The impact culinary arts have on our lives has often been downplayed in society. From the moment we entered this world, up to the very instant of our departure, there is an insatiable desire to tantalize our taste buds. Yet, how often do we truly appreciate the effort that goes into figuring out just how many measures of which spice to add? Making any dish involves treading a fine line between pleasantly sour and plain bitter.
To enlighten us on this - as well as touch upon other matters close to his heart - MIT was graced to host Michelin-starred celebrity chef Vikas Khanna. He was greeted to an auditorium packed beyond capacity as Dr. Gopalakrishna Prabhu, Director of MIT, Manipal, delivered the welcoming address.
In it, he spoke about what an honor and privilege it was to have a person of as much distinction as Chef Khanna to commemorate this joyous landmark of the college’s history. He also made mention of Chef Khanna’s upcoming book documenting the various travails he had to overcome on his journey to the top. The audience was also adressed by Joint Director of MIT, Dr. B.H. Venkataram Pai.
Finally taking the stage after being felicitated with a garland, shawl and turban as is tradition, Chef Khanna spoke from the only place he knew how to – his heart. The conviction in his words could not be refuted, as he harked back to his days in this student town. With eager eyes and attentive ears glued to his presence on stage, he began by talking about much pride it gave him to be back in Manipal. He got misty-eyed at the sight of one of his old professors in the audience. This was a testament to how pronounced his attachment to WGSHA, the foundation from which he erected his culinary empire, was after all these years.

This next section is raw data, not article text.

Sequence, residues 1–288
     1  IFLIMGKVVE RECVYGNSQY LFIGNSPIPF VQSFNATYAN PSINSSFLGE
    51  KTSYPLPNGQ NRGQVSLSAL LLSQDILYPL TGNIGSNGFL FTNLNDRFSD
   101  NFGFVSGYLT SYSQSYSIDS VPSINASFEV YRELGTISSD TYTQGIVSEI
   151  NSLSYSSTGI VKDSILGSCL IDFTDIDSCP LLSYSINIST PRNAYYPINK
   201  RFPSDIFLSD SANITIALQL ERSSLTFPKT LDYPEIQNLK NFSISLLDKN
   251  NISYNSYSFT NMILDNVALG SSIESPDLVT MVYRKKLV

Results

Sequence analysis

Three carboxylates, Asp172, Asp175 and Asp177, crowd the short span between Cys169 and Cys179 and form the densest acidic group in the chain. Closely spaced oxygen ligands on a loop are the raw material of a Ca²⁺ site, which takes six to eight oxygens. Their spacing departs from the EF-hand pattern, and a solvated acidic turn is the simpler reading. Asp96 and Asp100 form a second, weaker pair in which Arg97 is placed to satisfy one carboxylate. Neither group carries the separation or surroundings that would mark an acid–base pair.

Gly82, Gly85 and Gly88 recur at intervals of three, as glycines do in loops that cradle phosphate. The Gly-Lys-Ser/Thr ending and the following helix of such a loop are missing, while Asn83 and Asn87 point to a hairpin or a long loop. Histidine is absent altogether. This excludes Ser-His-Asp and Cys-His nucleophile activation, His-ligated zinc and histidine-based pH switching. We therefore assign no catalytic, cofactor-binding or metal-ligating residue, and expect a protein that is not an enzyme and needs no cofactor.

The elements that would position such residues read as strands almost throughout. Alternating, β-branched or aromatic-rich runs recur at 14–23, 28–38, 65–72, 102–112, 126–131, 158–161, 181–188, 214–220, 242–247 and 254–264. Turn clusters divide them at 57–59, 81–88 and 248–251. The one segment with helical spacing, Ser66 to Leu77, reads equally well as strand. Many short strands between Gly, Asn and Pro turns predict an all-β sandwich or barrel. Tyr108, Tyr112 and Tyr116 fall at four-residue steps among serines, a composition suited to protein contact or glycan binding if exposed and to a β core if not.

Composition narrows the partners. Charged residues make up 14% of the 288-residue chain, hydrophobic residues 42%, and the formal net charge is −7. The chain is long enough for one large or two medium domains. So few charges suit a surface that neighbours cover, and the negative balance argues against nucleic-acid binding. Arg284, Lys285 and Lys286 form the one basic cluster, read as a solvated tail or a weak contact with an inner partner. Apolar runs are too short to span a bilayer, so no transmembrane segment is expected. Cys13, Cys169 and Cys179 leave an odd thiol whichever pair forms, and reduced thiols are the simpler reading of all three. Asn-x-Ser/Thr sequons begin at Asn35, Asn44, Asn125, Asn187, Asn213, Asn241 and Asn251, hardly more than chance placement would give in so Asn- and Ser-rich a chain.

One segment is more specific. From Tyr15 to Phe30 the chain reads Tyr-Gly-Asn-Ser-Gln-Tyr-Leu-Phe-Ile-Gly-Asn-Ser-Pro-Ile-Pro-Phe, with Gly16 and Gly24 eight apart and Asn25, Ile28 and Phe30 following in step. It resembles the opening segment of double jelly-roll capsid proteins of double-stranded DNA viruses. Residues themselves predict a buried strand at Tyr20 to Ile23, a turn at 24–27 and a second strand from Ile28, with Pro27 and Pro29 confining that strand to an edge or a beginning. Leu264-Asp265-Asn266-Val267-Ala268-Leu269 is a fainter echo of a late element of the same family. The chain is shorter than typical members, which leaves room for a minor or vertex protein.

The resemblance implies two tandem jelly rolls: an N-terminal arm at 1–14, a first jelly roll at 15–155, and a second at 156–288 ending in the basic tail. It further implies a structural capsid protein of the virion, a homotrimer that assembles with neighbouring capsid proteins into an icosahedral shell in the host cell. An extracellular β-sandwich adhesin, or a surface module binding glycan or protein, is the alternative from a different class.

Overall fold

He also shared tidbits from his upcoming book, ‘Buried Seeds’, such as the hassle it took just to find a worthy publisher. On the mammoth task it was to hunt a publisher down, he said, “Until people don’t see you, they won’t value what your heart says.” It was for this reason that he travelled all the way to London to the publishing company’s head office without even being asked to do so. This was because he felt they would be better able to understand what his work stands for, if he could be present to explain it himself.
He reminded students that in today’s world, they have been gifted with the opportunity to represent their families, nation, and culture with their talents. Thus, it was imperative never to lose sight of their dreams and regard themselves as being nothing more than a bank account. The ardour he so innately possessed for his profession shone effortlessly through in his every word.
On his tenure as a MasterChef judge, his thoughts were that the show would be errant to put the onus on celebrity judges. The real focus should be on the story told by the food. It should focus on how every dish carries within it a fragment of the maker’s soul, their memories, a piece of their identity. According to him, what once distinguished India from the rest of the world was how connected we once were to our roots. In the days of our grandparents, despite centuries under British rule, we never wavered from cooking our indigenous meals at festivals. There were no frivolities like pasta or black forest cake. He feels that even in something as rustic as a bowl of payassum, there is an inherent idiosyncrasy. It has its own obsessively addictive flavor, a romantic essence.
His heartrending speech ended with a quote from Albert Einstein to remind us never to let the artist residing within us since birth to fade away. Following this was a Question-Answer session. Upon being asked for some words to live by, he replied that inspiration lies in the humblest of things. It is up to us to have the wherewithal and be keen enough to look for it.
Then came the burning question: How does a home cook compare to a professional chef? Astute with his wit, yet true to his beliefs, he replied that no comparison could be made. A mother toils away at the kitchen all day under the sweltering heat, while also grappling with having to take care of other matters at home. Her only motivation for this is to take care of the family she loves. A chef cooks out of selfish gain, for it is his profession to do so. The difference in intent between the two is what sets them realms apart.